Members of the Changepoint UK team recently attended Project Challenge Expo, an event taking an independent look at best practices in project, programme, process and resource management. We were joined by our partner CQC Solutions, who engaged in many conversations about the design cycle and implementation of PPM tools. Through a combination of panel sessions and networking, it was a great event for keeping our finger on the pulse of the latest trends and challenges across the industry n Europe. Here are three big talking points from the show which are currently on the lips of those working in projects in the UK:
1) A strategic approach to agile
It came of little surprise to see liberal use of the phrase ‘agile’ through the duration of the event; it is on the radar of most of our customers, and this summer I outlined how organisations can adopt agile in an article for Project Accelerator News. While an agile approach can work with projects, the most important thing is that it must integrate with activities in the rest of the business. A strategic approach is key, Eileen Roden, the Global ATO lead for P3O and PMO Authority in the Association for Project Managers’ PMOSIG told me. Without having a clear picture of what agile means to an organisation, Eileen says PMOs find it difficult to work in tandem with other departments. The PMO could even be in a position to set the agenda for the organisation, recommending an approach and bringing leaders together to agree on a unified agile strategy.
2) PMOs are coming together
Portfolio, Programme and Project Offices (PMOs) play an important part in the drive to improve programme and project delivery, but the people who work in a PMO can sometimes be disconnected working as part of remote teams or on a freelance basis. So it comes as little surprise that one of the busiest stands at the event was for the PMO Flashmob; an organisation set up in 2013 to enable PMOs to socialise and share knowledge with each other. It can prove difficult for PMOs to perform well when team members are unsure about exactly what is expected of them, and if they do not have a community of people performing a similar role who they are able to turn to for guidance. As a Forrester analyst report recently reported, PMOs have realised they need to focus less on hierarchical approaches to project management, and instead embrace communities of practice that develop consistent, measurable and effective delivery. With that in mind, it’s great to see PMOs making a concerted effort to reach out to each other. We’ll be attending the next PMO Flashmob event in central London on 22nd October and look forward to continuing the discussion there.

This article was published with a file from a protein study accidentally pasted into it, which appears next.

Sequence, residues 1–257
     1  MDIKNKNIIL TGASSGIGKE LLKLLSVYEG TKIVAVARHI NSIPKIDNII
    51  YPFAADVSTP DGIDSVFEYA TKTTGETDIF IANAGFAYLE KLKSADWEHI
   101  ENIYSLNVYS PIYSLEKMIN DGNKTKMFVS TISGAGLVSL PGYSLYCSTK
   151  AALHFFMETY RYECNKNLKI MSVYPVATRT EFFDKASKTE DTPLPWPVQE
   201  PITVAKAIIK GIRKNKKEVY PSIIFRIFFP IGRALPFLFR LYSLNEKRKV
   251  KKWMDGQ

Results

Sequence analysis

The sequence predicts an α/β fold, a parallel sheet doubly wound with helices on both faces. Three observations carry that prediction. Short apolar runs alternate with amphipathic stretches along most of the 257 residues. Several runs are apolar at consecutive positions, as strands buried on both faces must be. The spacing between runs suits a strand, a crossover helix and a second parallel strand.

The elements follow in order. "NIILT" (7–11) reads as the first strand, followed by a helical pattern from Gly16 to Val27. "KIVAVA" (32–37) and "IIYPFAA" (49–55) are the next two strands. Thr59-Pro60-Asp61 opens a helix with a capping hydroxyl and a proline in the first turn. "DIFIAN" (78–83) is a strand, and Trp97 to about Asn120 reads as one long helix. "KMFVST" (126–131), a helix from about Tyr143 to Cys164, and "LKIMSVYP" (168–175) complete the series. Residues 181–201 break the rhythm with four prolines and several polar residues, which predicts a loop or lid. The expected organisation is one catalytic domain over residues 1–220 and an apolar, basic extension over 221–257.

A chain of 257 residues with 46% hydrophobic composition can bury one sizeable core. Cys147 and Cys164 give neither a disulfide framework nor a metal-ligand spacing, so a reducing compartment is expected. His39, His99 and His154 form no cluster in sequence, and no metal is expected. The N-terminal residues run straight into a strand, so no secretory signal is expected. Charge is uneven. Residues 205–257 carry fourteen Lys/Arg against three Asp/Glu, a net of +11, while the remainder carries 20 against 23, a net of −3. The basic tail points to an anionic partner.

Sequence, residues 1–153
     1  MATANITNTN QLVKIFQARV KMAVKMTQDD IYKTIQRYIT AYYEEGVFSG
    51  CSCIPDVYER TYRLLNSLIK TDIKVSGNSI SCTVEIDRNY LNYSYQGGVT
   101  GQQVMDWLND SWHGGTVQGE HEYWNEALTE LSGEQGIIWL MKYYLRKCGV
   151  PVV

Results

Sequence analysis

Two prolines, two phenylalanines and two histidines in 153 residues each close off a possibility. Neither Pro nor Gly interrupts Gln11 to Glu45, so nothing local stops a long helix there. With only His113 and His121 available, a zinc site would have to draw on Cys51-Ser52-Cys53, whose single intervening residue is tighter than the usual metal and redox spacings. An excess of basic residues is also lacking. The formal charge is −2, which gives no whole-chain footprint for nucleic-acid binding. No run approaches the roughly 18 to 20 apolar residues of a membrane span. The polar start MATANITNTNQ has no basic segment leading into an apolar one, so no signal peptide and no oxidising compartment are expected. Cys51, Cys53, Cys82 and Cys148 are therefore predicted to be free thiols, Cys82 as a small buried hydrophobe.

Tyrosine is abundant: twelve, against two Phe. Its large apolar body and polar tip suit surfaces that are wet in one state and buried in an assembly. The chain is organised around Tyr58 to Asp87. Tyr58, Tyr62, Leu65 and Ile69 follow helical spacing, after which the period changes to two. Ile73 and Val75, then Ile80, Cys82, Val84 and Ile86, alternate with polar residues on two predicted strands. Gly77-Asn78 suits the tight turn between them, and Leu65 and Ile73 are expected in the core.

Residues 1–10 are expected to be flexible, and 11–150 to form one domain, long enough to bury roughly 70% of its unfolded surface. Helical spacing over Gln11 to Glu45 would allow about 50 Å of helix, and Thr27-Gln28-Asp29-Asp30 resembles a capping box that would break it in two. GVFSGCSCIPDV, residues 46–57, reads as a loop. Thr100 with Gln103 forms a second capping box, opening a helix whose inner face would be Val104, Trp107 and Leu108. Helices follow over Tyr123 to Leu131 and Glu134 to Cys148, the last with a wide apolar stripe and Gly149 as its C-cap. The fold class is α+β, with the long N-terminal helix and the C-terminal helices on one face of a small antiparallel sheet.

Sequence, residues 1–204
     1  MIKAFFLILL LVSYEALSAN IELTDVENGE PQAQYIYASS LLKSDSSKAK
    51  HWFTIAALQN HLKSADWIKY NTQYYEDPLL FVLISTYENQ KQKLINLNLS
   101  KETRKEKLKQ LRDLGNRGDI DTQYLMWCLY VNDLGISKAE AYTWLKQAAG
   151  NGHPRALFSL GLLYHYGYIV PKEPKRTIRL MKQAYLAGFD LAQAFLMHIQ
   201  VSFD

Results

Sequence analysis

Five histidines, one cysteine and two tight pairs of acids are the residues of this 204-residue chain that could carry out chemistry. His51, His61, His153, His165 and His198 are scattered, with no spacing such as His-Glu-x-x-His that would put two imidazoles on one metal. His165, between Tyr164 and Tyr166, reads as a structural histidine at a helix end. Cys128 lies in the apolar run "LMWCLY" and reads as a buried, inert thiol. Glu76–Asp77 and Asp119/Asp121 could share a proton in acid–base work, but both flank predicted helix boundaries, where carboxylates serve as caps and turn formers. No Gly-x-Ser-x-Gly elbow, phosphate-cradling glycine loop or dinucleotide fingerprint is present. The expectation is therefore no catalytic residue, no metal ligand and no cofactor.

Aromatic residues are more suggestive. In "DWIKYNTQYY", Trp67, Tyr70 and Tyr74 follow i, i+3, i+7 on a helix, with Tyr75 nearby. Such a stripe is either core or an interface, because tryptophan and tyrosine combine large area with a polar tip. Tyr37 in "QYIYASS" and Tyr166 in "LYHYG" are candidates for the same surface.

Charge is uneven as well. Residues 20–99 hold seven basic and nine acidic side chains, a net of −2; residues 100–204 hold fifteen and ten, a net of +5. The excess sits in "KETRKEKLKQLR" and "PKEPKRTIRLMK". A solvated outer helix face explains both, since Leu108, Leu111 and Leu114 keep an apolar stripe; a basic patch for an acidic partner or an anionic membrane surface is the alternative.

3) Greater importance on outcomes
It also became clear to me that there is a growing awareness of the need to build tolerance levels into projects. Mike Acaster, PPM Portfolio Manager at AXELOS, illustrated the situation perfectly, explaining that if somebody pays £250,000 for a Rolls Royce, they will not accept being given the keys to a battered Ford Fiesta instead. However, they might be willing to accept one that comes without the advertised cup holders, possibly for a reduced price, or with another extra thrown in. A similar shift of mindset is happening within projects, as organisations can often find themselves in a similar position. If a new office could be located in an adjacent building to the one initially earmarked, or an IT project could deliver a slightly different software package that still contains the functionality desired at the outset, why should an organisation reject this? Slightly adjusting the course of a project in this way could even deliver cost savings. Where possible, organisations should look to outline a wider scope of what would represent a successful outcome to a project.
4) Digitalisation means real-time information is critical
With internal and external IT becoming increasingly important to the success of organisations, a large number of digital transformation projects are taking place. Project Managers and CIOs are increasingly battling to maintain stewardship over this large number of projects, but admit this can be difficult without real-time visibility of progress of the entire project portfolio. As such, our recently-announced Business Execution Management Platform proved a popular talking point. Those are four big talking points I took away from the day, but I’m sure there were many other conversations taking place I was unable to be a part of. It would be interesting to hear about other big issues people were discussing at the show, please leave a comment below if you were in attendance.